Diabetes Foolishness Part 2

Posted by omnipod on Wed, 04/03/2013 - 13:37 in

Our Podder Talk readers continue to share some of the funny, interesting and sometimes annoying comments people have made about their, or a loved one’s, diabetes. Check them out and come back later in the week to read more!

A neighbor once pointed to my arm and asked if I'd hurt myself. He thought my Dexcom sensor was a really advanced style of band-aid and I had to explain briefly what a CGM does.” -Rachel Kerstetter

At the office, my CGM receiver, PDM and iPhone all sit together next to my desk phone. When the IT guy came to work on my computer he asked, ‘How many phones do you have?!’” -Rachel Kerstetter

Once when I took a yoga class, the teacher asked what it was I had in my pocket. I didn't even have a pocket; it was my Pod. I told her it was my insulin pump. She thought I was carrying chap stick.” -Judie Hurtado

Said to me in a meeting: ‘Why do you have a garage door opener taped to your arm?’” -Melissa Lee

‘Oh type 1? That's the bad kind of diabetes right?’ (Um, remind me what the good one is?)” -Alexis Pollak

 

"You have diabetes because your parents fed you too much sugar as a kid, right?’ (Um no. That's not how that works and I wasn't force fed cotton candy as a kid!)” -Alexis Pollak

 

While staying at a hotel in North London last year, I was working out in a particularly large and well-equipped hotel gym and following the video exercise routine that was playing on my tablet. I was wearing a sleeveless workout shirt which exposed the OmniPod I had placed on the back of my tricep. Two older ladies beckoned me over and said, ‘We saw what you were doing and just had to ask…is that one of those workout things that tracks what you are doing on your computer?’

A recent news story from my home state of California was on my mind, so I improvised it into my explanation, looked around, inched towards them and said in a hushed voice, ‘Have you ever heard of something in America called 'Megan's Law?’ Well, it is a law designed to monitor the whereabouts of registered sex offenders,’ I said as I slowly turned to give them a closer look of the OmniPod. As their looks slowly changed from inquisitive to near shock, I continued… ‘That's a great law designed to keep people like us safe from really bad people, but this thing here…this is just an insulin pump!’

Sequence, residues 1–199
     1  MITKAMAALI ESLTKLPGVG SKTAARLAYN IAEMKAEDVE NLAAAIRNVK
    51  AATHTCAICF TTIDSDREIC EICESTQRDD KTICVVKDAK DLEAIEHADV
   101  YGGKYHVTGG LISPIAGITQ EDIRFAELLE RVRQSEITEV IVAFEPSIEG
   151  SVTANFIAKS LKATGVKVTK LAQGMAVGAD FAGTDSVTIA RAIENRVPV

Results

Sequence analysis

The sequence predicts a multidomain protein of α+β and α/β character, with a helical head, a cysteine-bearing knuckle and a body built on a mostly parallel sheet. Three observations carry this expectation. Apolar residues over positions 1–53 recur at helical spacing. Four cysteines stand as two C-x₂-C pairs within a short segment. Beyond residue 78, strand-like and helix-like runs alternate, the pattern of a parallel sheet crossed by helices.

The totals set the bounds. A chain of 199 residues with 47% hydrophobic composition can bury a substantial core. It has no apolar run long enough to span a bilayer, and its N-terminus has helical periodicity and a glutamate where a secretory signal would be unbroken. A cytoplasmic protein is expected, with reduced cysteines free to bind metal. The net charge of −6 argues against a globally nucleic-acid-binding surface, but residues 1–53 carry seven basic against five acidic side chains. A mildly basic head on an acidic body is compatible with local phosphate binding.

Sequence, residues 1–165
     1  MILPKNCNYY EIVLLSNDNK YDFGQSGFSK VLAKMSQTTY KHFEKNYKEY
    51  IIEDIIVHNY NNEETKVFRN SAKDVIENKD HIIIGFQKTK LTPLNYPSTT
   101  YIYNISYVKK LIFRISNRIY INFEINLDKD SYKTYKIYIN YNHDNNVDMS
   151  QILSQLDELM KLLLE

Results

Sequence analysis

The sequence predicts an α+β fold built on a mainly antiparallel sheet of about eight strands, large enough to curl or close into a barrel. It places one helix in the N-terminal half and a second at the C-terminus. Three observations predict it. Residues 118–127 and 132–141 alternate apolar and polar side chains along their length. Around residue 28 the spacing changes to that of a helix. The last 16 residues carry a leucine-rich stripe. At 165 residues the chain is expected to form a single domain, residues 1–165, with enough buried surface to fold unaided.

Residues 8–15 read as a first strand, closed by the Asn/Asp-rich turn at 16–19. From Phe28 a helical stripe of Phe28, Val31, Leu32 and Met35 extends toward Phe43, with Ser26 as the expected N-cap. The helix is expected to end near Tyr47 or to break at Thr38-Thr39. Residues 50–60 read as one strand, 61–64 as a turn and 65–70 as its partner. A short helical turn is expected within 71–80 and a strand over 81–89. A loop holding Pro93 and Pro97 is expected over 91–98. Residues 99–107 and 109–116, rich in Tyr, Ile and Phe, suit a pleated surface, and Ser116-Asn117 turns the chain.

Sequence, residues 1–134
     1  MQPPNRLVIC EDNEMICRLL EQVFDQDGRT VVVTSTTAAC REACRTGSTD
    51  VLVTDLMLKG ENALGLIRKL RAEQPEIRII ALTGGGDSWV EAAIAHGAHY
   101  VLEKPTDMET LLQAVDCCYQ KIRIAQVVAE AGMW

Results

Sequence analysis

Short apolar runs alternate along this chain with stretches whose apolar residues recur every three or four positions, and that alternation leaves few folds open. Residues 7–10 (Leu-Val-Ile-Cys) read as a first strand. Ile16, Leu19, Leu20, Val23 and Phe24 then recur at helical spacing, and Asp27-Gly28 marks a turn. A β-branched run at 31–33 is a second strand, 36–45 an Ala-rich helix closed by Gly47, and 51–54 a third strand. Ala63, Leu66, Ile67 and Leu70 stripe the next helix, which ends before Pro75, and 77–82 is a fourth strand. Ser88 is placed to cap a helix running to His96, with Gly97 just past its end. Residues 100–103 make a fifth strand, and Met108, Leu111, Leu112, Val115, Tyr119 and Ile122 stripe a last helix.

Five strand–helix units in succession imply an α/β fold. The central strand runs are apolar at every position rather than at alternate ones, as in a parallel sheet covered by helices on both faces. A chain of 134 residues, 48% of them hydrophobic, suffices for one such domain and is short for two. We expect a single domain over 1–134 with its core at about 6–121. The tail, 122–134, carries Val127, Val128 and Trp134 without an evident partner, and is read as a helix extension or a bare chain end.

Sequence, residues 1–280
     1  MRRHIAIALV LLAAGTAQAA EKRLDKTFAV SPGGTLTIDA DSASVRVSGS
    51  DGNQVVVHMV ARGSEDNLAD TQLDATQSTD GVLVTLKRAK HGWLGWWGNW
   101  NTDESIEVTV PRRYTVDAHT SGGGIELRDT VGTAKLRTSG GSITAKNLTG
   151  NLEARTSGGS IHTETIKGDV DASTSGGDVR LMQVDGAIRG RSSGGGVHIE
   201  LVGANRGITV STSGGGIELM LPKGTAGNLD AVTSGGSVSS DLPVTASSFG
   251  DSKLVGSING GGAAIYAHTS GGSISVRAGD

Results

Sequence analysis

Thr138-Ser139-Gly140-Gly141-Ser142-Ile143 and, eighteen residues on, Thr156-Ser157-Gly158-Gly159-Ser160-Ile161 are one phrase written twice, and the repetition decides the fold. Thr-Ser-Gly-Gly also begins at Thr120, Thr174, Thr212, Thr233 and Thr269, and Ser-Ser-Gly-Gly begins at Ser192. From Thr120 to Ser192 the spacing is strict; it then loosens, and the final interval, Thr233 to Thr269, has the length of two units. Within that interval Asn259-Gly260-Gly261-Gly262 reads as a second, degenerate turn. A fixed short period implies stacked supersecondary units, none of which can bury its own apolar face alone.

After flashing a big 'gotcha' smile and offering a quick apology for playing such a joke on these two kind ladies, we had a good laugh and carried on our way. Perhaps a little cruel, but funny!” -Matt Copp

One big concern of the school nurse (and a very legitimate one) was that if I took my PDM out in the classroom, my teachers would assume I was using my cell phone. So she sent an e-mail out to all of them, basically saying ‘If you see this student with a hand-held device, it is not a cell phone. It is part of her insulin pump.'

One day a teacher completely forgot. I took out my PDM to give myself a bolus and she looked over and said ‘Stop texting and put that away, Katie.’

I said, ‘But I’m giving myself insulin.’

Then she felt really bad about and kept apologizing.

In a moment of weakness I thought, ‘Wow, I really could take out my phone and text. Who would know the difference?’ But I decided to stay honest!” -Katie Machia

‘Why did you have more kids if they are going to end up suffering and being so sickly with those diseases (referring to both T1 and Celiac)?’ (Um??? First of all, she isn't suffering or sickly; secondly, our decision to have three kids, isn't your concern; and lastly, there's no guarantee our other children will be affected. Thankyouverymuch.)” -Wendy Rose

‘I HATE shots! I could never have diabetes...’ (Well I love them so I asked for diabetes.)” -Alexis Pollak

The craziest thing was when I was getting a facial; I explained that I needed to keep my phone on in case Joey tried to contact me, due to his type 1. The woman told me that her husband had type 1. We started talking about insulin pumps, and that Joey uses the OmniPod, she said ‘My husband wants to get the insulin pump but is really afraid of the surgery!’ I used this as a teaching opportunity!” -Therese Balistrieri